January 20, 2022

All You Big and Burly Men?

Perhaps no more! The sissified America probably doesn’t produce any more Big and Burly Men, only Girly Men.

Many years ago, Dick Curless, sang this song and it was popular. Of course things have changed over the years and the Haynesville Woods have been tamed considerably, and more men wear women’s clothes. The things you find in Maine, are still a separation from much of the rest of the nation and I wouldn’t suggest just anyone taking up residence there…perhaps nary a visit.

Tombstone Every Mile
Recorded by Dick Curless
Written by Dan Fulkerson

All you big and burly men who roll the trucks along
Better listen you’ll be thankful when you hear my song
You have really got it made if you’re hauling goods
Anyplace on earth but those Haynesville Woods

It’s a stretch of road up north in Maine
That’s never ever ever seen a smile
If they’d buried all the truckers lost in them woods
There’d be a tombstone every mile
Count ’em off there’d be a tomb-stone every mile

When you’re loaded with potatoes and you’re headed down
You’ve gotta drive the woods to get to Boston town
When it’s winter up in Maine better check it over twice
That Haynesville road is just a ribbon of ice
Repeat #2

When you’re talking to a trucker that’s been hauling goods
Down that stretch of road in Maine they call the Haynesville Woods
He’ll tell you that dying and going down below
Won’t be half as bad as driving on that road of ice and snow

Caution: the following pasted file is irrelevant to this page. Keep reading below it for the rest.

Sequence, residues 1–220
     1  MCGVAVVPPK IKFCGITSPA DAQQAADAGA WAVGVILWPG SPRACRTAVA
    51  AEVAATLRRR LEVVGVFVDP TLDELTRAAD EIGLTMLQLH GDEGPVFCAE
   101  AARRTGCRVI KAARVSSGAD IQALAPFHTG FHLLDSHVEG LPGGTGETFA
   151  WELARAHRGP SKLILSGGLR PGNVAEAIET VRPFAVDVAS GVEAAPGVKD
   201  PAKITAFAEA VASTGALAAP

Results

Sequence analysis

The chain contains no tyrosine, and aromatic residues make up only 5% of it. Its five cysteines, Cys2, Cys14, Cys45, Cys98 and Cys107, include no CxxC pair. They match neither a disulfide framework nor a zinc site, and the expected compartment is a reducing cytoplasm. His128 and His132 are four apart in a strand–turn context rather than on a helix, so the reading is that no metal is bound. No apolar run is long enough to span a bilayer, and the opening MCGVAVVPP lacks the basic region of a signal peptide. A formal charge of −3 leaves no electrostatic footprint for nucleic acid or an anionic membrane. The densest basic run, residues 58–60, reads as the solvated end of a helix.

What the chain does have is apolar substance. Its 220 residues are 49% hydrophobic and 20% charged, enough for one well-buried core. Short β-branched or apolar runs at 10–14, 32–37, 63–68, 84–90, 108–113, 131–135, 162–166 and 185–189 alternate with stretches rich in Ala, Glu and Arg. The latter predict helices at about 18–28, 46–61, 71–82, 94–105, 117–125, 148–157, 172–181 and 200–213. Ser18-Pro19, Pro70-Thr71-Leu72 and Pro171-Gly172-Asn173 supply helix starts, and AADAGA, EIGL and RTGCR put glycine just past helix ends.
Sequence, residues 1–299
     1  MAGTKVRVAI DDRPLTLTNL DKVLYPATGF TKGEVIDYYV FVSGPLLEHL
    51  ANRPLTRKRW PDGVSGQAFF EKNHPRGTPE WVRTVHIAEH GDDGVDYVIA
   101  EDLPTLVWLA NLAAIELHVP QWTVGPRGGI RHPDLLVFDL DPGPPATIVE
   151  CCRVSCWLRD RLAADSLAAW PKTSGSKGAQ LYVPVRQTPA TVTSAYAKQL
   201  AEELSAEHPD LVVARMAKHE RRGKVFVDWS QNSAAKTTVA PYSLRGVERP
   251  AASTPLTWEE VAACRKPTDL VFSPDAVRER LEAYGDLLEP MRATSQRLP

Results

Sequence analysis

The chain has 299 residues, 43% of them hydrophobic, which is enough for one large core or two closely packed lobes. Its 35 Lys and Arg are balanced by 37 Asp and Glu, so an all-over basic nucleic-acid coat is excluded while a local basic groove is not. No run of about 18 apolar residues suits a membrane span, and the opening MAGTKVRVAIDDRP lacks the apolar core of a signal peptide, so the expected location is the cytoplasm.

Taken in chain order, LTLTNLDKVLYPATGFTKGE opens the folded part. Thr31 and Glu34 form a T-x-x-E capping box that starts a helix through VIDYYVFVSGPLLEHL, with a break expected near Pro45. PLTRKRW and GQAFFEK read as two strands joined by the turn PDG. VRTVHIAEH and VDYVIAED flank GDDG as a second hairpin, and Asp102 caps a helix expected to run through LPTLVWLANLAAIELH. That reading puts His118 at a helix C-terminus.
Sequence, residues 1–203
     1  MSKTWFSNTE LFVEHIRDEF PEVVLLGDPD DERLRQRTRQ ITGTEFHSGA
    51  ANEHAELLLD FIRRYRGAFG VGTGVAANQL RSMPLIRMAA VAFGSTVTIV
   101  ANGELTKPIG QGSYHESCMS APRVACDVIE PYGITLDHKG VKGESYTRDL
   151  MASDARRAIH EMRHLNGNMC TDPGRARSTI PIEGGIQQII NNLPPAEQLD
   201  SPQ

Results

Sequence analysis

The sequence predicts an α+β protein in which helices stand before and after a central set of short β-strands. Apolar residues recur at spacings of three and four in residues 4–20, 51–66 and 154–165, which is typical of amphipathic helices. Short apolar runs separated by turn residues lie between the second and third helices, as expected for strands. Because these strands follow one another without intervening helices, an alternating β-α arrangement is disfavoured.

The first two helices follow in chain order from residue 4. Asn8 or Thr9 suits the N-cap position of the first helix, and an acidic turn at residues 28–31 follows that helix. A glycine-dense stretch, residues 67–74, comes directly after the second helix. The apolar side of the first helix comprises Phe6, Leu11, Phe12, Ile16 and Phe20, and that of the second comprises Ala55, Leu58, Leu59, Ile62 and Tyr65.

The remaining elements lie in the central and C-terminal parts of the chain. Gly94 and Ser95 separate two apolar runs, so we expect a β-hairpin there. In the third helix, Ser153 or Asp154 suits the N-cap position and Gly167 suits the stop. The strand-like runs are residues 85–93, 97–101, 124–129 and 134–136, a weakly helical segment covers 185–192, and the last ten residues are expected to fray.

Repeat #2

Big and Burly Men frequent luxury accommodations.

Big and Burly Men’s rendition of “The View”

This Big and Burly Maine Moose is looking for some action.

And it looks like he’s found some “Big and Burly” action.

This is NOT a Big and Burly Man

This is NOT a man. Big and Burly Men have no use for inconvenience. Life is inconvenient to everyone except the Big and Burly Men.


Innocence and the Absence of Insanity

This is a true story! This past Maine deer hunting season, while at my annual trip to Hunting Camp, one of my long-time hunting buddies shared with me a story of one of his grandsons – approximate age of 6 years.

The young lad is attending school and is learning to read and write. It is my understanding that in the boy’s class, as a weekly project, each student is asked to write a short paragraph relating an event that happened to them in the past. During the first writing class, the teacher asked the students to write of an experience.

Knowing the young boy myself, I could picture him looking about the room, perhaps gazing out the window for a bit, wishing he was there instead of in the classroom, with a glint in his eyes, and then settling in to the task at hand, perhaps in mild protest. He wrote:

“One day my father took me to a place where men were loading logs onto a logging truck. It was fun.”


The following week, once again the teacher instructed the class that they needed to write a short paragraph about something that had happened to them that they remembered. The young boy, perhaps a future Pulitzer Prize winner, wrote: